The Hang-Over Part II

Here’s my new rule about comedy sequels: if at least 1/3 of the jokes are references to the original film, then there’s no real reason to see the sequel. This was the case with Meet the Fockers and American Pie 2, two movies that tried to duplicate the original films to such a degree that–when you re-watched the originals–the jokes no longer felt funny or fresh. When you heard Stifler make a “fuckface” joke or say “suck me beautiful,” you now thought, “That’s lame, dude. Move on. Get new material.”

And that’s The Hangover Part II, with its dozens of references to the “wolfpack” and “the three best friends that anyone could ever have,” throwaway jokes from the original that (like the Meet the Parents circle of trust) are now used as centerpiece gags in the sequel.

The Hangover Part II is a well-made film from a technical standpoint, the cinematography and set pieces well above the standards that we expect from a typical crude comedy, and the actors are all still engaging (they haven’t yet become caricatures of themselves, at least) but this time around, there’s no real joy in watching the plot unfold. The filmmakers are so intent in referencing the original that they actually carbon-copy the exact plot structure of the original, from the opening-scene phone call on the morning of the wedding, to the flashback where we meet bride and groom and learn about the bachelor party, to the bachelor party toast, to the jump-cut to Bradley Cooper waking up in a trashed room. There’s still a funny sense of mystery with this situation, but because the plot structure is copied, we know exactly how it will be solved; when the characters wake up in this strange place and notice that one of their own is missing, we know the steps that they will take in order to find him, and we just sort of wait for each inevitable event to play out.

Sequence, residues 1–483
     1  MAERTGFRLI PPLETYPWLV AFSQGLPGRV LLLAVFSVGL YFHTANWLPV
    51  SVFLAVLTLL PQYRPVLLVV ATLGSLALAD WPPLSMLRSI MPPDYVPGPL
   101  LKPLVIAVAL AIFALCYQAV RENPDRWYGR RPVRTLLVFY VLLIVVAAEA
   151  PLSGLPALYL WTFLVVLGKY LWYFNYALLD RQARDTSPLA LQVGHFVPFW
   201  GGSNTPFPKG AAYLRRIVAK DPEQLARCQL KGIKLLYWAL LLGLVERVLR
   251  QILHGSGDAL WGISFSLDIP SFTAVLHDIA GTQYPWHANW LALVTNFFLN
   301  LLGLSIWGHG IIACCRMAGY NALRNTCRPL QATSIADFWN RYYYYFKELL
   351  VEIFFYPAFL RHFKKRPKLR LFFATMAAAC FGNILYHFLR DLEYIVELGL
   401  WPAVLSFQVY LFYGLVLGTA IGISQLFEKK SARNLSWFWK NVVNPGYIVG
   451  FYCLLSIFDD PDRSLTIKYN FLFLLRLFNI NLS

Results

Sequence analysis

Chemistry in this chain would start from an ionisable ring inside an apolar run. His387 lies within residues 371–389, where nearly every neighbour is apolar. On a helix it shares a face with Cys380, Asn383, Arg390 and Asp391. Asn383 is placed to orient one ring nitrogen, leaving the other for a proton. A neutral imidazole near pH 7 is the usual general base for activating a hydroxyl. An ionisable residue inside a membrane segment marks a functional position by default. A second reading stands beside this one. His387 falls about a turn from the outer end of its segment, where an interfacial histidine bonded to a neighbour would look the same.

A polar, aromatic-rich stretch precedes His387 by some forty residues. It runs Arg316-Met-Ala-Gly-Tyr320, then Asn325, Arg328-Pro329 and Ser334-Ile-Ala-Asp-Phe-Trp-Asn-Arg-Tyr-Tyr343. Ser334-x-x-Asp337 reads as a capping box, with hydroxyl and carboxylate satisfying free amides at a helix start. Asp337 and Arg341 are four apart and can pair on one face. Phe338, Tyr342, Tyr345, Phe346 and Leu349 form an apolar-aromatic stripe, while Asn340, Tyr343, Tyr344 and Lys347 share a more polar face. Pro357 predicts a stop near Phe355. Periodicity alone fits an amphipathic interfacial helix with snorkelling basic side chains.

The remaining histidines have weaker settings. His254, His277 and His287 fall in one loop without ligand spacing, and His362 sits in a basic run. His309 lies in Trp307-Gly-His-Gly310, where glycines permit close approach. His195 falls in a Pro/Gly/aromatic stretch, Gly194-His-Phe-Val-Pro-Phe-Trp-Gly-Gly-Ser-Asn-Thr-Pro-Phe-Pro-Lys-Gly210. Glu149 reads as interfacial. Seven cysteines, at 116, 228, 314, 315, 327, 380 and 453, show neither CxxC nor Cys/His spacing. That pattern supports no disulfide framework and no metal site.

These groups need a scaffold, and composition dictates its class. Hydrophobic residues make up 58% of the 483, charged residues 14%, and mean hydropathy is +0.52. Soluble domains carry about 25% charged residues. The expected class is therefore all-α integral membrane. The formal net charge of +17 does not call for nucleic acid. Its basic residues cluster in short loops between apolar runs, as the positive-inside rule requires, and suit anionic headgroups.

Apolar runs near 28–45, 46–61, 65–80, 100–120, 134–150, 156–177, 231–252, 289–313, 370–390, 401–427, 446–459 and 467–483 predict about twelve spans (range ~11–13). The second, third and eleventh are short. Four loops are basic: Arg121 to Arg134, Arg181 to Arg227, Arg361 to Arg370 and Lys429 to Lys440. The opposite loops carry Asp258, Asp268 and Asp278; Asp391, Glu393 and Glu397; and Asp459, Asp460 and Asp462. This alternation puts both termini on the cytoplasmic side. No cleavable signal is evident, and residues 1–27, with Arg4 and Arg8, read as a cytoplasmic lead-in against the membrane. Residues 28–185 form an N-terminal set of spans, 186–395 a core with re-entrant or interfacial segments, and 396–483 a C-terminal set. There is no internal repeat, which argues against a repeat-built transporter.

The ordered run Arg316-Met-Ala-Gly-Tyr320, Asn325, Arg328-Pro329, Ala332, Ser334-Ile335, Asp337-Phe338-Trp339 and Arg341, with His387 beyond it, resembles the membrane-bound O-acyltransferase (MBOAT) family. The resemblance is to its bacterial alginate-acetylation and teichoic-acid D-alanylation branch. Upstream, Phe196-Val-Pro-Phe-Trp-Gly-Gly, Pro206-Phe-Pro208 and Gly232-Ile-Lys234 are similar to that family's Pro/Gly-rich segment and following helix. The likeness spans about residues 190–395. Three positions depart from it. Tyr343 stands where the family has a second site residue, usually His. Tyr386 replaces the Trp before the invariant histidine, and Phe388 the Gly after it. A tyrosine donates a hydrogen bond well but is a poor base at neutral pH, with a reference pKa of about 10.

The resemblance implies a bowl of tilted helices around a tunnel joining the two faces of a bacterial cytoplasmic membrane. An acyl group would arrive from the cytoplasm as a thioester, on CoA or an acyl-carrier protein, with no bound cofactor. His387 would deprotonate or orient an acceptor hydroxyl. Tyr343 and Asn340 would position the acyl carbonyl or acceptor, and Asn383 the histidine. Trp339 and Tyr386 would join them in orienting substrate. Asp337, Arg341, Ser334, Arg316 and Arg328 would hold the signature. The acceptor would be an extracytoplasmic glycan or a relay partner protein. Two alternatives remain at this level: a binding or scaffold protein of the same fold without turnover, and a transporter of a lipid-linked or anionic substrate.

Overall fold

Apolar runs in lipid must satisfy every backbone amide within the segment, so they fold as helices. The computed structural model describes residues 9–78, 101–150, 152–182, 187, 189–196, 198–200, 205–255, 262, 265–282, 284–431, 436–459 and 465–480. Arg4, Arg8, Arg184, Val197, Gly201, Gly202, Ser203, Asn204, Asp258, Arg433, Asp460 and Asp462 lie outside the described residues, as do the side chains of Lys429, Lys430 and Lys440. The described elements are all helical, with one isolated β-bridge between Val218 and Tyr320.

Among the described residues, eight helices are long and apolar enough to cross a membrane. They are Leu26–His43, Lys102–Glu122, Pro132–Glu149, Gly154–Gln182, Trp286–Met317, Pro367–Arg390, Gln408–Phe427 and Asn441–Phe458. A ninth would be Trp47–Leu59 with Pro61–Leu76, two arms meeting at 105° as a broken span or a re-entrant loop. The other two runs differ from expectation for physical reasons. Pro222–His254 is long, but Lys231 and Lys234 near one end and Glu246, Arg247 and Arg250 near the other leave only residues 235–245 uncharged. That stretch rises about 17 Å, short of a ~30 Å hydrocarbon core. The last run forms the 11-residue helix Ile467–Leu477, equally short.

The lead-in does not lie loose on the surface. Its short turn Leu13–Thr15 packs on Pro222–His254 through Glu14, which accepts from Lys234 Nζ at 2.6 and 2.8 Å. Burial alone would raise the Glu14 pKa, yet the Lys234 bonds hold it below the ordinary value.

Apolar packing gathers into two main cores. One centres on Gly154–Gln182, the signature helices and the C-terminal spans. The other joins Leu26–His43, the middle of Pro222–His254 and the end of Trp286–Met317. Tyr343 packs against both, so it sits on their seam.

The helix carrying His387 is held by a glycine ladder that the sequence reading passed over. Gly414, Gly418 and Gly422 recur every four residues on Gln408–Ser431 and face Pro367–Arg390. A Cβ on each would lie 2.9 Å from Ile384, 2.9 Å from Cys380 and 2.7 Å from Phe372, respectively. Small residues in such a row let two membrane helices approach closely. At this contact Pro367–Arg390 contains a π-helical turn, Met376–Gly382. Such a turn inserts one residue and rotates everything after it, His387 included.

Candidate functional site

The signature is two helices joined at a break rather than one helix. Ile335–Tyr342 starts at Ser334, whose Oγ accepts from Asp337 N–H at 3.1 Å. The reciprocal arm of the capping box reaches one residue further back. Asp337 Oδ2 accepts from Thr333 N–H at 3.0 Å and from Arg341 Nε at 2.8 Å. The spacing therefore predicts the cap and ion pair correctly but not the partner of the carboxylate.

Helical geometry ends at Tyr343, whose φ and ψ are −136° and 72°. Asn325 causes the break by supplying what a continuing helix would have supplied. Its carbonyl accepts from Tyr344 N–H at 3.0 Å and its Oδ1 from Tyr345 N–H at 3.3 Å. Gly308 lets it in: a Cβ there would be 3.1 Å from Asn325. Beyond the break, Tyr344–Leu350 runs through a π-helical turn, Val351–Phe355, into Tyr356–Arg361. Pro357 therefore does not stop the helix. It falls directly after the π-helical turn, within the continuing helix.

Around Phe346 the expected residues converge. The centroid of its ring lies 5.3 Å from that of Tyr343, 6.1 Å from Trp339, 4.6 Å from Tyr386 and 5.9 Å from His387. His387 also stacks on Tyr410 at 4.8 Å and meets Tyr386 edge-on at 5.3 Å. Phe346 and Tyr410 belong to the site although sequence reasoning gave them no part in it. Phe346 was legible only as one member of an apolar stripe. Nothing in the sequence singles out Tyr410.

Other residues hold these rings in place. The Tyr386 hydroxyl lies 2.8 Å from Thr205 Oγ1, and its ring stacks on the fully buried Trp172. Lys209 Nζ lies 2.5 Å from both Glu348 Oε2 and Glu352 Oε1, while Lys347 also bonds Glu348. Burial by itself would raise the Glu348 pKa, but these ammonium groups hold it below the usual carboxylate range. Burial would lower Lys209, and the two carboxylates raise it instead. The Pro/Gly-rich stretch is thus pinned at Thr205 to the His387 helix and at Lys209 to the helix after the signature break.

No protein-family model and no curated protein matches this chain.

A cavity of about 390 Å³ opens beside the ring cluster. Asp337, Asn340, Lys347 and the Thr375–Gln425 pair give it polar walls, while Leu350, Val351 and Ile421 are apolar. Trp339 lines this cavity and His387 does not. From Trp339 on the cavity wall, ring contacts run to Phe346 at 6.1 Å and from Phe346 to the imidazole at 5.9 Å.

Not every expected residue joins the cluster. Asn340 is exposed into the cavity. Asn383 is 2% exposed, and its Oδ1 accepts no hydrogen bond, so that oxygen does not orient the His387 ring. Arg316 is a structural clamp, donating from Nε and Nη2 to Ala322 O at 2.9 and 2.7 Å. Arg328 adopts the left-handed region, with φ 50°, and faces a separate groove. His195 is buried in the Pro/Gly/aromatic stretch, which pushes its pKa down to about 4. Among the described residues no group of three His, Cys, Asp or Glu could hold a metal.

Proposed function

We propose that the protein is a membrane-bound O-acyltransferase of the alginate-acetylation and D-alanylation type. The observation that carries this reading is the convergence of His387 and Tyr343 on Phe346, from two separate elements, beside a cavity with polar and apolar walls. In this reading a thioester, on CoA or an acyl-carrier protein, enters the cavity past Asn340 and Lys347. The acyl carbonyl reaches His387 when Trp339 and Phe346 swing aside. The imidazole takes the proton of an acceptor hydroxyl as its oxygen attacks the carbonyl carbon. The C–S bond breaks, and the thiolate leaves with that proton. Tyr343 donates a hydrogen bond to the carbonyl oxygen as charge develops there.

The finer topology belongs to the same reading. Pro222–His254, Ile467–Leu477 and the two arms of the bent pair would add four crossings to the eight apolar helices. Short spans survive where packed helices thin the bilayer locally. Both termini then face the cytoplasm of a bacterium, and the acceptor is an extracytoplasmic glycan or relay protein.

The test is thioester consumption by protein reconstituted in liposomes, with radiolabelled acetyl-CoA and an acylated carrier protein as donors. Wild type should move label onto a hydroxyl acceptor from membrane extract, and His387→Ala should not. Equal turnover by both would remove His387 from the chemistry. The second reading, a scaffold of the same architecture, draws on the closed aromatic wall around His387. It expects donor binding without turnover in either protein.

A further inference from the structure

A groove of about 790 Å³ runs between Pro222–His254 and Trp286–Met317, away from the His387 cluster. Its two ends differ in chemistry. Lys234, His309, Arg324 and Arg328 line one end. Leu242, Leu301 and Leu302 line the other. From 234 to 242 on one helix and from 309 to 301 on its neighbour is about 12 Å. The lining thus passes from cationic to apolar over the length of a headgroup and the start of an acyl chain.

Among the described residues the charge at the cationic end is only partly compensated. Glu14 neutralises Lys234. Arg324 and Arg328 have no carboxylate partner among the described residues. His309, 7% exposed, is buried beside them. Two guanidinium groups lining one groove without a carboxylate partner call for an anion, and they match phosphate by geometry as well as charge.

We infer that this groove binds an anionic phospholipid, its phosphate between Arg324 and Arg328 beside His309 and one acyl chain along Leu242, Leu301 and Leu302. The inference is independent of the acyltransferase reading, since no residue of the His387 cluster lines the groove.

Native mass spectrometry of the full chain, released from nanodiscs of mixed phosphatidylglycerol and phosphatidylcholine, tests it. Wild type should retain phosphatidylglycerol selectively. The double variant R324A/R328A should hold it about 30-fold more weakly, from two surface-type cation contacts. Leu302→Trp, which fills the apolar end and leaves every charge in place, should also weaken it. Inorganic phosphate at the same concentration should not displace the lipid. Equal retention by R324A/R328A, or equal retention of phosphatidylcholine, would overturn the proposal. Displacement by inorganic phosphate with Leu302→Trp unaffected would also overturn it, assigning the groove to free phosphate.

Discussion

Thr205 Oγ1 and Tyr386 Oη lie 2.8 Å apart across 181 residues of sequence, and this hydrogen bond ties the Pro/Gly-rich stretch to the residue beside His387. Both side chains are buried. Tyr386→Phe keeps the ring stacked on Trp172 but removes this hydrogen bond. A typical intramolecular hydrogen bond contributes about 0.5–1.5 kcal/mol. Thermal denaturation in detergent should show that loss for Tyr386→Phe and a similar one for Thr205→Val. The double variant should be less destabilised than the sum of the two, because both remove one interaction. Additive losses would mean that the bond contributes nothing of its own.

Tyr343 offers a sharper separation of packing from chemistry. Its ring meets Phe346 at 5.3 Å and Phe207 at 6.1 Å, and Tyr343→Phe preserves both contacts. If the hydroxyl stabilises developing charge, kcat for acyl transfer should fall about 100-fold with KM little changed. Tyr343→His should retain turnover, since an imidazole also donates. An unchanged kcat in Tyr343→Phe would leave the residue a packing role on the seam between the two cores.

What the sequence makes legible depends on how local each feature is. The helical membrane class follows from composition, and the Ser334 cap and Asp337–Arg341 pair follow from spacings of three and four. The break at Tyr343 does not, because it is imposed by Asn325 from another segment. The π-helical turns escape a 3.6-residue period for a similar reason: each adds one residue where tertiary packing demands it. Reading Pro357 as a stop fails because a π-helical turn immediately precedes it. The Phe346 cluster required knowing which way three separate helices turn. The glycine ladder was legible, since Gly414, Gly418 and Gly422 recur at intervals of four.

In the original, the comedy was enhanced by the sudden random appearance of Mike Tyson and/or Ken Jeong’s penis, but in the sequel, it feels like an obligation to now include these elements. Not a bad movie. But this sequel sort of felt like your sophomore-year Spring Break in college, when a bunch of friends really wanted to go back to that same beach you went the year before…and now you go to the same bars and the same restaurants and the same parties, and it all just feels a little tired.

I saw The Hang-Over II in a theater that served beer, by the way, and so the crowd was absolutely pumped for the film. When the characters toasted, the audience toasted. Beer at every seat, drunk guys high-fiving. And for the first thirty minutes, the audience was with this movie; the audience was laughing; then the theater got quieter, audience members settled, and we went through a twenty-minute period where everyone seemed to stop laughing. Then everyone seemed to go to the bathroom all at once, but not in that hurried way like in a good action movie, where you run to the bathroom and run back and hope you didn’t miss anything. No: people went to the bathroom, took their time, ordered another beer, came back slowly. After all, they knew what was coming. That’s The Hangover Part II. It’s kind of fun because you’re reliving the first movie…but after a little while, you want it to do something new, to surprise you in the same way that the original surprised you. But instead, it winds up feeling tedious, forced, like the guy in your circle of friends who still goes around quoting the original Hangover long after everyone else has moved on to new comedies.

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